Why Does My Injectable Filler Lump Look Blue?

Q: Dr. Eppley, I recently had an injectable filler treatment done for my hollows under my eyes. Besides a few lumps there is one lump that actually has a bluish color to it. I thought that it may be because it was bruised. But three weeks after he injections it has not changed. What is causing this coloration and will it eventually go away?

A: You undoubtably were injected with one of the hyaluronic acid-based injectable fillers which is the most common one used in the thin skinned area under the eyes. What you are seeing is known as the Tyndall effect, a well known phenomenon from injectable fillers which can be seen when they are placed right under the skin too superficially. Because the injectable fillers is really a colloid and not a solution, there are large molecules of the hyaluron chains that are floating around in the gel solution. When injected too close to the skin the superficially placed filler material allows light to be scattered off of the floating particles. It appears blue because only the scattered longer wavelength blue light is reflected back to the viewer while other light wavelengths are less scattered. While aesthetically disturbing it is not harmful and will eventually resolve itself as the material absorbs. Because filler can last a very long time in the eyelids, you may consider hyaluronidase injections to help it dissolve much sooner than its expected implantation duration.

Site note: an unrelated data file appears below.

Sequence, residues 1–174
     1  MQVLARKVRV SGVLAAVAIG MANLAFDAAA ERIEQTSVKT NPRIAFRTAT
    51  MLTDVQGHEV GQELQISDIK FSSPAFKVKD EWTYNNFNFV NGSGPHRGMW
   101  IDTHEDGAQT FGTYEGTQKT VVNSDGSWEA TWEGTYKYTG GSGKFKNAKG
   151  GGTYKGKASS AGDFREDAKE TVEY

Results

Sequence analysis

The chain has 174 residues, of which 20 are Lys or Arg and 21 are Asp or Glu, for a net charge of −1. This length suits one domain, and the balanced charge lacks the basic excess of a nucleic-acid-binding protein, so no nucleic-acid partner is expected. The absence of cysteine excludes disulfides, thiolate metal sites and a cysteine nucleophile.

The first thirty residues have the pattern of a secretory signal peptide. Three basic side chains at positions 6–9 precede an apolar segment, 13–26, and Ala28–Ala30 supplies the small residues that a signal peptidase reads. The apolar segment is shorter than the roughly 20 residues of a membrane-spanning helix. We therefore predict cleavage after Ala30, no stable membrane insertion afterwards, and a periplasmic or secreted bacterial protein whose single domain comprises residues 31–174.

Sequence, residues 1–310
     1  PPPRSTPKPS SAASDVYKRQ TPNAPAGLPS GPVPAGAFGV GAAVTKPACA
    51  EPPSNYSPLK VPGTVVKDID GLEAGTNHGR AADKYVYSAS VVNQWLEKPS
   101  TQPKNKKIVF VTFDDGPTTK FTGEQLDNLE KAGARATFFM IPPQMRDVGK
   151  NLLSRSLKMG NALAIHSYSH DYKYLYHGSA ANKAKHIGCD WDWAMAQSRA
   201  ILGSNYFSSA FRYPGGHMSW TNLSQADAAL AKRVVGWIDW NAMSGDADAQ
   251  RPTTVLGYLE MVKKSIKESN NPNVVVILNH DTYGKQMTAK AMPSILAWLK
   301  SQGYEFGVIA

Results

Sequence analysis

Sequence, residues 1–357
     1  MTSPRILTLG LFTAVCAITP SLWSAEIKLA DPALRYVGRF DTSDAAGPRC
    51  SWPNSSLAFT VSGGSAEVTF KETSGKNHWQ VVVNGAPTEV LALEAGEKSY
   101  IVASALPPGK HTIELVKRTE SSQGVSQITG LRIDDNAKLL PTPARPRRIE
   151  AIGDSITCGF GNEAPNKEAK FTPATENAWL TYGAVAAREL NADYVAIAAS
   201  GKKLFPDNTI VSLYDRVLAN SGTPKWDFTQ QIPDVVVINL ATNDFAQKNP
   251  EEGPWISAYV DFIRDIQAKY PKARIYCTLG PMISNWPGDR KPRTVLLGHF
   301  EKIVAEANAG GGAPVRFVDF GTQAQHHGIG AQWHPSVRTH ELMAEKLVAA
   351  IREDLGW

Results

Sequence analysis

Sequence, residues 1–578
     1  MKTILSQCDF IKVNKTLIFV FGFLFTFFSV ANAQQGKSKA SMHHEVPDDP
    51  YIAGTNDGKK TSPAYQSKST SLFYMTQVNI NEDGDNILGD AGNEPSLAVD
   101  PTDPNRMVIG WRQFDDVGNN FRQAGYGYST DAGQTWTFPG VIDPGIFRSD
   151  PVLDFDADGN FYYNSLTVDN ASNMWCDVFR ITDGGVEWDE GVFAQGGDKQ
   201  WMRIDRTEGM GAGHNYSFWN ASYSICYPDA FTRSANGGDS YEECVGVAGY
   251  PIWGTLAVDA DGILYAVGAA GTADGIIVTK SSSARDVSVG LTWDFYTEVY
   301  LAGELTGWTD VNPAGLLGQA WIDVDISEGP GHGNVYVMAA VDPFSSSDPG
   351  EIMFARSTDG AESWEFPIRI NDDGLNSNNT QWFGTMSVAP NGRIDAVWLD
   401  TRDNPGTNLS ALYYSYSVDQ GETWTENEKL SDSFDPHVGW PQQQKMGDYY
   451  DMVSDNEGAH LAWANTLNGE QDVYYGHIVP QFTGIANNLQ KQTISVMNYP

Dr. Barry Eppley

Indianapolis, Indiana